Department of Molecular Systems Biology, Helmholtz-Centre for Environmental Research - UFZ, Leipzig, Germany; Institute of Biochemistry, Faculty of Biosciences, Pharmacy and Psychology, University of Leipzig, Leipzig, Germany. Electronic address:

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http://dx.doi.org/10.1016/j.jprot.2020.103829DOI Listing
July 2020

Mechanistic insight to mycoremediation potential of a metal resistant fungal strain for removal of hazardous metals from multimetal pesticide matrix.

Environ Pollut 2020 Jul 6;262:114255. Epub 2020 Mar 6.

Helmholtz-Centre for Environmental Research-UFZ, Department of Molecular Systems Biology, 04318, Permoserstr. 15, Leipzig, Germany.

Fungi have an exceptional capability to flourish in presence of heavy metals and pesticide. However, the mechanism of bioremediation of pesticide (lindane) and multimetal [mixture of cadmium (Cd), chromium (Cr), copper (Cu), nickel (Ni), lead (Pb), zinc (Zn)] by a fungus is little understood. In the present study, Aspergillus fumigatus, a filamentous fungus was found to accumulate heavy metals in the order [Zn(98%)>Pb(95%)>Cd(63%)>Cr(62%)>Ni(46%)>Cu(37%)] from a cocktail of 30 mg L multimetal and lindane (30 mg L) in a composite media amended with 1% glucose. Particularly, Pb and Zn uptake was enhanced in presence of lindane. Remarkably, lindane was degraded to 1.92 ± 0.01 mg L in 72 h which is below the permissible limit value (2.0 mg L) for the discharge of lindane into the aquatic bodies as prescribed by European Community legislation. The utilization of lindane as a cometabolite from the complex environment was evident by the phenomenal growth of the fungal pellet biomass (5.89 ± 0.03 g L) at 72 h with cube root growth constant of fungus (0.0211 g L h) compared to the biomasses obtained in case of the biotic control as well as in presence of multimetal complex without lindane. The different analytical techniques revealed the various stress coping strategies adopted by A. fumigatus for multimetal uptake in the simultaneous presence of multimetal and pesticide. From the Transmission electron microscope coupled energy dispersive X-ray analysis (TEM-EDAX) results, uptake of the metals Cd, Cu and Pb in the cytoplasmic membrane and the accumulation of the metals Cr, Ni and Zn in the cytoplasm of the fungus were deduced. Fourier-transform infrared spectroscopy (FTIR) revealed involvement of carboxyl/amide group of fungal cell wall in metal chelation. Thus A. fumigatus exhibited biosorption and bioaccumulation as the mechanisms involved in detoxification of multimetals.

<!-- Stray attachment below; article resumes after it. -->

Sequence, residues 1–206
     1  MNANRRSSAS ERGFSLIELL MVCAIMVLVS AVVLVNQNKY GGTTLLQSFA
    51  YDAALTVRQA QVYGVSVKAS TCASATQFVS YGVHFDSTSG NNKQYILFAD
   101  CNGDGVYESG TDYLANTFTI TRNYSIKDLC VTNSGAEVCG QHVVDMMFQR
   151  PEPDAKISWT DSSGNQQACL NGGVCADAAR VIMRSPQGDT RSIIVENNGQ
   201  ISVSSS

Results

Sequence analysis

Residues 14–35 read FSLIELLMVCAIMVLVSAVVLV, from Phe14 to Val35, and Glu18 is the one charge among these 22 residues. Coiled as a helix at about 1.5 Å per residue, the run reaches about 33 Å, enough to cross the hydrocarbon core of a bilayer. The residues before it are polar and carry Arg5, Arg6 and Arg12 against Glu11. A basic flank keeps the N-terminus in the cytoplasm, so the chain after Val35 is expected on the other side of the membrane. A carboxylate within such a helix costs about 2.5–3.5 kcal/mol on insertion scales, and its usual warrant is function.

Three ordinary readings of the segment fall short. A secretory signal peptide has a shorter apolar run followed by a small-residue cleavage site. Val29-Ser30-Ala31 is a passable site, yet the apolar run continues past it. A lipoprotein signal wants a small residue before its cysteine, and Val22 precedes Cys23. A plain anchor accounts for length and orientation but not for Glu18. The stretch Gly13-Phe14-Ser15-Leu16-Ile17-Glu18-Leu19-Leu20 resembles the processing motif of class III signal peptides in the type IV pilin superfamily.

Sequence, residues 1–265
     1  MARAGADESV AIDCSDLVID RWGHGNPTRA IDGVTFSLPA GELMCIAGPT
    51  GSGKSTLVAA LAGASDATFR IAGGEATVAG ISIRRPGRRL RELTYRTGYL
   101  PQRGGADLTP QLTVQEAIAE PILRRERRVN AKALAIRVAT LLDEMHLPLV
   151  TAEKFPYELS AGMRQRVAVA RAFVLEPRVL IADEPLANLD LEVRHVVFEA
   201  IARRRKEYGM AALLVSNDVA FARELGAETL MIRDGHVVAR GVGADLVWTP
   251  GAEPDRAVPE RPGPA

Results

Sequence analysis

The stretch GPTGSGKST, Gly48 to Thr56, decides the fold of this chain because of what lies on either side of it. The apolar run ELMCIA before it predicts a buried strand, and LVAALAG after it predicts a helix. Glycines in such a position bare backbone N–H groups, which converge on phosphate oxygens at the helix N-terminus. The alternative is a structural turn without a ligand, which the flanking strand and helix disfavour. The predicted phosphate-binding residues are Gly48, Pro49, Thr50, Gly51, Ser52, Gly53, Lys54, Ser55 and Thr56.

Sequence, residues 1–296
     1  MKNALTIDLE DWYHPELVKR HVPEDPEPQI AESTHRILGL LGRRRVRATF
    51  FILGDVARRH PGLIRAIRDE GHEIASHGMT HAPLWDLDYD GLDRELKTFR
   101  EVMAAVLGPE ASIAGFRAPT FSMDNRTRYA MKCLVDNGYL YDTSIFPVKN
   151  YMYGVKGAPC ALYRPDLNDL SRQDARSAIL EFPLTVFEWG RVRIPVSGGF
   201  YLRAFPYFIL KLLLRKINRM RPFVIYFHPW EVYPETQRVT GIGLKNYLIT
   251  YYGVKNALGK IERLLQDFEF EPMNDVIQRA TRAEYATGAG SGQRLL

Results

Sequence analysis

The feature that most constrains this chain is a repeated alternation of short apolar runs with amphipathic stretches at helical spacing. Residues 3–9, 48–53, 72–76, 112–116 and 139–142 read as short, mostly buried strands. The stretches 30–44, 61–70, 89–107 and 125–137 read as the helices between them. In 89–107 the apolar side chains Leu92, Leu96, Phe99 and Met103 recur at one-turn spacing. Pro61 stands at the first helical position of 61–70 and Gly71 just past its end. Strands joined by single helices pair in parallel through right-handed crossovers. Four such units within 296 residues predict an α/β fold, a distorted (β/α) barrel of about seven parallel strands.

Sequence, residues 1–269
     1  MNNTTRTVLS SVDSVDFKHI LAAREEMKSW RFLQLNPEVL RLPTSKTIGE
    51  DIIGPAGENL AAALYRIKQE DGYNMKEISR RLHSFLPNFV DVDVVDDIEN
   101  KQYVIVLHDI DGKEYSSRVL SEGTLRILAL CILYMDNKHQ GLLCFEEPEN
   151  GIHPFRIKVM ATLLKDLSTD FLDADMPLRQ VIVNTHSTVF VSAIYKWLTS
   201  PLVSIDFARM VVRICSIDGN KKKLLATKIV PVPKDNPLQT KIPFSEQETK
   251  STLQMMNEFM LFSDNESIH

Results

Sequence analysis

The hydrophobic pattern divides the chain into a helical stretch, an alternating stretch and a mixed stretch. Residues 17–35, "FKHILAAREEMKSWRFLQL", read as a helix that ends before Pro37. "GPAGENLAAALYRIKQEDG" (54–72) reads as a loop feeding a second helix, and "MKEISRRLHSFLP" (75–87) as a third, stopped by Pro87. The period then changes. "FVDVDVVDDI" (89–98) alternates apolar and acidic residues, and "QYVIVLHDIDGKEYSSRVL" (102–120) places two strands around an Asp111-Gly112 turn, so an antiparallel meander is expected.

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http://dx.doi.org/10.1016/j.envpol.2020.114255DOI Listing
July 2020

Benzylsuccinate Synthase is Post-Transcriptionally Regulated in the Toluene-Degrading Denitrifier sp. Strain 15-1.

Microorganisms 2020 May 7;8(5). Epub 2020 May 7.

Department of Environmental Biotechnology, Helmholtz Centre for Environmental Research - UFZ, Permoserstr. 15, 04318 Leipzig, Germany.

The facultative denitrifying alphaproteobacterium sp strain 15-1 had been isolated from the hypoxic rhizosphere of a constructed wetland model fed with toluene. This bacterium can catabolize toluene anaerobically but not aerobically. Here, we used strain 15-1 to investigate regulation of expression of the highly oxygen-sensitive glycyl radical enzyme benzylsuccinate synthase, which catalyzes the first step in anaerobic toluene degradation. In cells growing aerobically with benzoate, the addition of toluene resulted in a ~20-fold increased transcription of , encoding for the catalytically active subunit of the enzyme. Under anoxic conditions, mRNA copy numbers were up to 129-fold higher in cells growing with toluene as compared to cells growing with benzoate. Proteomics showed that abundance of benzylsuccinate synthase increased in cells growing anaerobically with toluene. In contrast, peptides of this enzyme were never detected in oxic conditions. These findings show that synthesis of benzylsuccinate synthase was under stringent post-transcriptional control in the presence of oxygen, which is a novel level of regulation for glycyl radical enzymes.
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http://dx.doi.org/10.3390/microorganisms8050681DOI Listing
http://www.ncbi.nlm.nih.gov/pmc/articles/PMC7285207PMC